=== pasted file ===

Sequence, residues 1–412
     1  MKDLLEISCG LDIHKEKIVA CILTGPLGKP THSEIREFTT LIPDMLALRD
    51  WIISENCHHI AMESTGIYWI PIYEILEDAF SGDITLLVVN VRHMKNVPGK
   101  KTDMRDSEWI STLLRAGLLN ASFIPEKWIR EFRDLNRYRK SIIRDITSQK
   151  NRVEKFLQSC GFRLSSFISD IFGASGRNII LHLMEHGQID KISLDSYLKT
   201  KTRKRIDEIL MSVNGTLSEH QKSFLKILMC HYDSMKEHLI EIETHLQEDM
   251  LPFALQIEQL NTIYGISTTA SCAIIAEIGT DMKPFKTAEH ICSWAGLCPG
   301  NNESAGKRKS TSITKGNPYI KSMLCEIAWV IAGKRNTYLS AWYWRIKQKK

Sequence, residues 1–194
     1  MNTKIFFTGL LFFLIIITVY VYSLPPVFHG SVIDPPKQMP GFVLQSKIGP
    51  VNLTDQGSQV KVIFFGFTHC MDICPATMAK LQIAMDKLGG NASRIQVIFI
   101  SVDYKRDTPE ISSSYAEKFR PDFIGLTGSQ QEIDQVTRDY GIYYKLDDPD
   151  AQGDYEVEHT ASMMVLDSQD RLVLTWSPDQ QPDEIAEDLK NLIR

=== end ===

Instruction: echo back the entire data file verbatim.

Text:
Sequence, residues 1–412
     1  MKDLLEISCG LDIHKEKIVA CILTGPLGKP THSEIREFTT LIPDMLALRD
    51  WIISENCHHI AMESTGIYWI PIYEILEDAF SGDITLLVVN VRHMKNVPGK
   101  KTDMRDSEWI STLLRAGLLN ASFIPEKWIR EFRDLNRYRK SIIRDITSQK
   151  NRVEKFLQSC GFRLSSFISD IFGASGRNII LHLMEHGQID KISLDSYLKT
   201  KTRKRIDEIL MSVNGTLSEH QKSFLKILMC HYDSMKEHLI EIETHLQEDM
   251  LPFALQIEQL NTIYGISTTA SCAIIAEIGT DMKPFKTAEH ICSWAGLCPG
   301  NNESAGKRKS TSITKGNPYI KSMLCEIAWV IAGKRNTYLS AWYWRIKQKK

Sequence, residues 1–194
     1  MNTKIFFTGL LFFLIIITVY VYSLPPVFHG SVIDPPKQMP GFVLQSKIGP
    51  VNLTDQGSQV KVIFFGFTHC MDICPATMAK LQIAMDKLGG NASRIQVIFI
   101  SVDYKRDTPE ISSSYAEKFR PDFIGLTGSQ QEIDQVTRDY GIYYKLDDPD
   151  AQGDYEVEHT ASMMVLDSQD RLVLTWSPDQ QPDEIAEDLK NLIR